By Desi Serna

One technique you want to work on in order to improve your picking proficiency on the guitar is string skipping. This is where you jump over a string or more in the middle of a riff or solo. String skipping occurs when lead lines feature intervallic jumps.

You get started with string skipping in the example below. In this example, you play a three‐note‐per‐string scale pattern in A major beginning in the fifth position. Rather than play string to string, you focus on playing up and down patterns between two nonadjacent strings, using strict alternate picking as you go. The first measure combines the scale tones on strings six and four.

When you get used to this combination, you move onto strings five and three, and finally three and one. Repeat each group as many times as necessary to get used to the skip. When you get used to the exercise, you can apply the same idea to scale patterns in other positions and other keys.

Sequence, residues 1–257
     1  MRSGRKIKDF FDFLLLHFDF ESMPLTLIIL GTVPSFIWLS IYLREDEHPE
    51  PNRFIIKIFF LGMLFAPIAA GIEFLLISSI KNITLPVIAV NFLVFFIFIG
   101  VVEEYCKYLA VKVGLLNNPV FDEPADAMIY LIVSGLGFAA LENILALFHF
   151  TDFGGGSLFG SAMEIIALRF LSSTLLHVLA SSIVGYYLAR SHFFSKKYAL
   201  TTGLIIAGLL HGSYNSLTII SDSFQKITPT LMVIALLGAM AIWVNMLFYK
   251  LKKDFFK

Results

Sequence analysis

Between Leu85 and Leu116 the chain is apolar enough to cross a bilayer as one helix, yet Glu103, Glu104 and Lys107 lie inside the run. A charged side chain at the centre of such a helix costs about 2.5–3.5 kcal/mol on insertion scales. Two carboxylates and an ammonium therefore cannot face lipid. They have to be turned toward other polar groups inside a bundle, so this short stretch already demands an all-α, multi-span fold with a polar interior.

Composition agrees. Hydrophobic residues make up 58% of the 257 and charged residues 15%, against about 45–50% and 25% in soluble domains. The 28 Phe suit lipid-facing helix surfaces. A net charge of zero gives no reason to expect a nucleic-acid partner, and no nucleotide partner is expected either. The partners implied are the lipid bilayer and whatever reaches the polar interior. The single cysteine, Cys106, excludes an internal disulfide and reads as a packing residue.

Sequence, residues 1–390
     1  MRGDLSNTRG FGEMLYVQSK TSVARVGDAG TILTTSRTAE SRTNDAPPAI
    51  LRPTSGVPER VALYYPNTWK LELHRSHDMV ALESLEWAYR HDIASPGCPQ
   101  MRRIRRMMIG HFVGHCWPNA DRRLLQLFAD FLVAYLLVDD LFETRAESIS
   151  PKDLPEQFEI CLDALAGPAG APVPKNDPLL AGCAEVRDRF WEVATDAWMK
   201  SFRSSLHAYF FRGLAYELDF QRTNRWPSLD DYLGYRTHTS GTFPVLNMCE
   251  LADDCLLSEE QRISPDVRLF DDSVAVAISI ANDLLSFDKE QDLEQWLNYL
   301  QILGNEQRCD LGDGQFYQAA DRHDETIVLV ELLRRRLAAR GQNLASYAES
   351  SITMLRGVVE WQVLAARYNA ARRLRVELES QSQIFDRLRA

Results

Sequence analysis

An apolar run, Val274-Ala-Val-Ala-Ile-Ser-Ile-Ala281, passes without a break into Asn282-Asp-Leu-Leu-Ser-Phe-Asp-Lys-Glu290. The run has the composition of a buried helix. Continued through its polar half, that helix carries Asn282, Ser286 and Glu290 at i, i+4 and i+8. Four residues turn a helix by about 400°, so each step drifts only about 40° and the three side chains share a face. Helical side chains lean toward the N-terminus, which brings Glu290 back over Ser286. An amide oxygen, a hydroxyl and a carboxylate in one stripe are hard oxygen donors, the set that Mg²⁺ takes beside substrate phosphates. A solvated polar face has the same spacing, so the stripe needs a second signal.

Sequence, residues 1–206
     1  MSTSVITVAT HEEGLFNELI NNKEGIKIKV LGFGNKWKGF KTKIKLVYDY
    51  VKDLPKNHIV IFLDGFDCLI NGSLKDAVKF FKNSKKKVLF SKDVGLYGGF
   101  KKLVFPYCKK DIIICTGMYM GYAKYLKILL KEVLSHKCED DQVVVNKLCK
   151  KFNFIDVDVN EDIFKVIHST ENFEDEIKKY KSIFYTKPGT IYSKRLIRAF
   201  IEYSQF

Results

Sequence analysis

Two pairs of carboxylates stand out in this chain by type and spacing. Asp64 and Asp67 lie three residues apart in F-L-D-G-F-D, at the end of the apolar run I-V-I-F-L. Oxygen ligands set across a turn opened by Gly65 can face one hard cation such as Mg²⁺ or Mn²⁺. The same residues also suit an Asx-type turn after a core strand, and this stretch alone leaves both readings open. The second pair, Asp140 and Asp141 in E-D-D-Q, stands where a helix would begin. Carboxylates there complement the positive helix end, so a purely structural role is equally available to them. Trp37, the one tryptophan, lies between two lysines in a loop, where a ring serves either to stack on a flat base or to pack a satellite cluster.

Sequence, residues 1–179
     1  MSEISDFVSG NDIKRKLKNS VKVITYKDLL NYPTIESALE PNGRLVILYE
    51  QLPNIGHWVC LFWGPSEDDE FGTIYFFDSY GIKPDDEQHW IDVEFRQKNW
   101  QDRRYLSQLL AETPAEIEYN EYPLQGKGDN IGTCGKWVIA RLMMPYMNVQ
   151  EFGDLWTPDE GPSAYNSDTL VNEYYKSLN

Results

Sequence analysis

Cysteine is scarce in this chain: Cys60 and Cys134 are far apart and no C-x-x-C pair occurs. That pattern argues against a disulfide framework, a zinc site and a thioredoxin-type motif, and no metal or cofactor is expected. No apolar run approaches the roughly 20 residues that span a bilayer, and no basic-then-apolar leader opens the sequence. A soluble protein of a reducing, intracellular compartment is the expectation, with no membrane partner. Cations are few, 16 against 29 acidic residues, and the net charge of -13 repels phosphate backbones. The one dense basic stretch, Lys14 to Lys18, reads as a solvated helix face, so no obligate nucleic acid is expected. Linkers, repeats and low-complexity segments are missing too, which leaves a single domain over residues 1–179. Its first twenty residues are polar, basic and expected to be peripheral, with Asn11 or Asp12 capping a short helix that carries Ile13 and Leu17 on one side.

String skipping with three-notes‐per‐string scale patterns.

String skipping with three-notes‐per‐string scale patterns.

String skipping works well for arpeggios, too, like the one below. You can apply the same concept to any arpeggio in other keys, too.

String skipping with arpeggios.

String skipping with arpeggios.

In the last example of string skipping, you play a melodic idea in the style of “Sweet Child o’ Mine” by Guns N’ Roses. In fact, guitarist Slash claims that his now classic riff was originally an exercise in string skipping before band members helped to craft it into a full musical arrangement.

All of these string‐skipping figures use strict alternate picking, but sometimes you would skip over strings using another picking method. When you watch Slash play the opening to “Sweet Child o’ Mine,” you see him turn his picking around at times by using upstrokes on downbeats.

A string-skipping riff.

A string-skipping riff.